E 328 • English Novel in the Nineteenth Century
12:00 PM-1:00 PM
The "Victorian novel" acquires its literary-historical designation from Queen Victoria, England's ruling monarch for 64 years, from l837 to l901. For all the monarchical stability, however, profound social, political and cultural changes marked this period in English history and the Victorian age might be variously referred to as the "age of ideology," the "age of capital" or the "age of imperialism." Our readings in the Victorian novel and its immediate precursors will examine its place in European literary history, but that history will be considered as part of a larger process of socio-political changes in domestic England and in the expanding British Empire. The l9th century witnessed enormous industrial development and with it the emergence of the working class as a coherent force. Women, the working class, and empire continued to exert pressure on the literary production of the last half of the l9th century and these concerns will inform our reading of the later novels as well set in the imperial reaches of Africa and India.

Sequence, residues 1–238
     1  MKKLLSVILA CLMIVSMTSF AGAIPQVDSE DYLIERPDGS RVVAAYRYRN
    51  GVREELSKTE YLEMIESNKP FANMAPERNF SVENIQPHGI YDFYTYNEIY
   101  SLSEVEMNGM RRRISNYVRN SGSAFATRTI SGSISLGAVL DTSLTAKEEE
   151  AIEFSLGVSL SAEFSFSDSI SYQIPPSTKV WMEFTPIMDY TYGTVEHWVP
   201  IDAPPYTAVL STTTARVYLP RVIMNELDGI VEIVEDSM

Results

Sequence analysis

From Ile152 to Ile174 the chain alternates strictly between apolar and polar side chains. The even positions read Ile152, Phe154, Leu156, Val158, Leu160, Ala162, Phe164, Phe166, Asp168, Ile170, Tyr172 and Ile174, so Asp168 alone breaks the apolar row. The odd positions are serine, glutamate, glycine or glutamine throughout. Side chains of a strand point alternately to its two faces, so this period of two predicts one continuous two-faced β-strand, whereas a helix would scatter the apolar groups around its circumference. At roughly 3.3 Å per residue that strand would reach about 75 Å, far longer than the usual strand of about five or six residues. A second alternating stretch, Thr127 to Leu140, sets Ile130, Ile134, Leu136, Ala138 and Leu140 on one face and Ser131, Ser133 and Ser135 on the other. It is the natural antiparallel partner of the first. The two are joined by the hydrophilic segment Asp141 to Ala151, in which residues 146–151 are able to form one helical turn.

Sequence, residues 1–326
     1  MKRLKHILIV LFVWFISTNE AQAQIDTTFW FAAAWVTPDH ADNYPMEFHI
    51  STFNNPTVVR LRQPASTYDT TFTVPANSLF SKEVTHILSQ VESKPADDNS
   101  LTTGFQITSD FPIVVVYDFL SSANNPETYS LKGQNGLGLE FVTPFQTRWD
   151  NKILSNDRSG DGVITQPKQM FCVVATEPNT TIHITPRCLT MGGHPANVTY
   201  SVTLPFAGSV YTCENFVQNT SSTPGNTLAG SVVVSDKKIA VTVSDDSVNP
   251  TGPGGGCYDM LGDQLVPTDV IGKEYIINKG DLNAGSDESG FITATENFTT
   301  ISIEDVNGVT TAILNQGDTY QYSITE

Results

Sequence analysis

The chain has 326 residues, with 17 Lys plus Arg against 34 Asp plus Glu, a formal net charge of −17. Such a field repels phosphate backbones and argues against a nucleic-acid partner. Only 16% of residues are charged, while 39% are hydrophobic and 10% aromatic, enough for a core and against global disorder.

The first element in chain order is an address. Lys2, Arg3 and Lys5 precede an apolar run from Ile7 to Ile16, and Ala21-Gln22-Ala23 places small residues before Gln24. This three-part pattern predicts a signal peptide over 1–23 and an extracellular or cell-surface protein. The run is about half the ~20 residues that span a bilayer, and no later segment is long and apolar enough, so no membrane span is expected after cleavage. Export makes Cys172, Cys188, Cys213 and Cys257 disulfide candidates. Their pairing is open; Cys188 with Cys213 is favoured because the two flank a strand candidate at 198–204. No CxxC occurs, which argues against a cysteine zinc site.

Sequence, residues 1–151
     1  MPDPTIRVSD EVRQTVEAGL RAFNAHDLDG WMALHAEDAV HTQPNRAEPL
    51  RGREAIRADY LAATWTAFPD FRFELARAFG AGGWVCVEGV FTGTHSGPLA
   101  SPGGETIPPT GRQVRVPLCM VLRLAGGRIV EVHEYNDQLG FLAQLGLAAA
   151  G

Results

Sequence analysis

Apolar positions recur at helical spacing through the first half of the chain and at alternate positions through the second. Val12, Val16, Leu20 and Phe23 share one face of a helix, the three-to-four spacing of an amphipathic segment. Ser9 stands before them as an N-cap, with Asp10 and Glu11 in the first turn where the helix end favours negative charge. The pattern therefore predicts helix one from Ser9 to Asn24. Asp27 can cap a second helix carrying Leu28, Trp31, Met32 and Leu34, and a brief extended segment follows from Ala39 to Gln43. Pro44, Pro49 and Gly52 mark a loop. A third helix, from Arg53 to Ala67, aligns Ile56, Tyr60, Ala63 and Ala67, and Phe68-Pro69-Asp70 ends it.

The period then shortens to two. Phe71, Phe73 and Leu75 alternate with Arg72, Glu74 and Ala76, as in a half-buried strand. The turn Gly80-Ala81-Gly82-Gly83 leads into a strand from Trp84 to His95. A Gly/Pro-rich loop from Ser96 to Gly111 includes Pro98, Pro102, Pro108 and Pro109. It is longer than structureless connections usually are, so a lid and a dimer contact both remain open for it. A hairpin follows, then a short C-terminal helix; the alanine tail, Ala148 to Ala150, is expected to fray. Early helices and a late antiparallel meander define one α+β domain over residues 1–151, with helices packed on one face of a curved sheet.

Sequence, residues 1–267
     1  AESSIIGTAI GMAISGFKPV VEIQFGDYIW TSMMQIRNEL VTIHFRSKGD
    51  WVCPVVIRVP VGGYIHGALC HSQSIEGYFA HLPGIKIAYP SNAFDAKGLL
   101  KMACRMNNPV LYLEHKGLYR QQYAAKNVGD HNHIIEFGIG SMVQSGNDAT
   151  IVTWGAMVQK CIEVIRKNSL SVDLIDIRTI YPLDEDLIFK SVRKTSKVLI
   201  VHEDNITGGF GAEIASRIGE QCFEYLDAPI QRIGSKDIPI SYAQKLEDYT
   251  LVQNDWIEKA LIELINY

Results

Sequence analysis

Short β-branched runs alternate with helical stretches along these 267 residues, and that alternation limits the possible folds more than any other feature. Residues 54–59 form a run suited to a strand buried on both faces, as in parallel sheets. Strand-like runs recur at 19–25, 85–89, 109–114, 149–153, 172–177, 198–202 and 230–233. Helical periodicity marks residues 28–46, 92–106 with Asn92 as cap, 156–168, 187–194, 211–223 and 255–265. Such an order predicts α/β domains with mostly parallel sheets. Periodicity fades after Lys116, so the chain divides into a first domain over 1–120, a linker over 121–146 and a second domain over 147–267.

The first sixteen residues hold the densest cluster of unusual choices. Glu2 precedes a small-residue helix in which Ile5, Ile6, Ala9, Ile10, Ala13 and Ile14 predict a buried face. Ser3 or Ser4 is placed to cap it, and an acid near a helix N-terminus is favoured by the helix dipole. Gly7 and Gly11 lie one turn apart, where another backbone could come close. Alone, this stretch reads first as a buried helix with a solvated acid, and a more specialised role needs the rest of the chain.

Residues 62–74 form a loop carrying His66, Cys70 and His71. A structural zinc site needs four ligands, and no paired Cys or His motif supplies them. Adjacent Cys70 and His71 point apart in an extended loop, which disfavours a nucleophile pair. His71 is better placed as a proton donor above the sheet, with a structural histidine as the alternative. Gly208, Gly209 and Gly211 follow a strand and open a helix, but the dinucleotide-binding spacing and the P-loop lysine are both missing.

2 research essays (750 wds each) 25%
1 panel presentation (750 wds) 15%
1 paper proposal (500 wds) 15%
1 final research paper (1800-2400 wds) 25%
1 take-home essay (750 wds) 15%
Attendance and participation will also be taken into consideration in determining the final grade.
Jane Austen, Emma
Elizabeth Gaskell, North and South
Charles Dickens, Hard Times
Thomas Hughes, Tom Brown's School Days
George Gissing, New Grub Street
H. Rider Haggard, King Solomon's Mines
Rudyard Kipling, Kim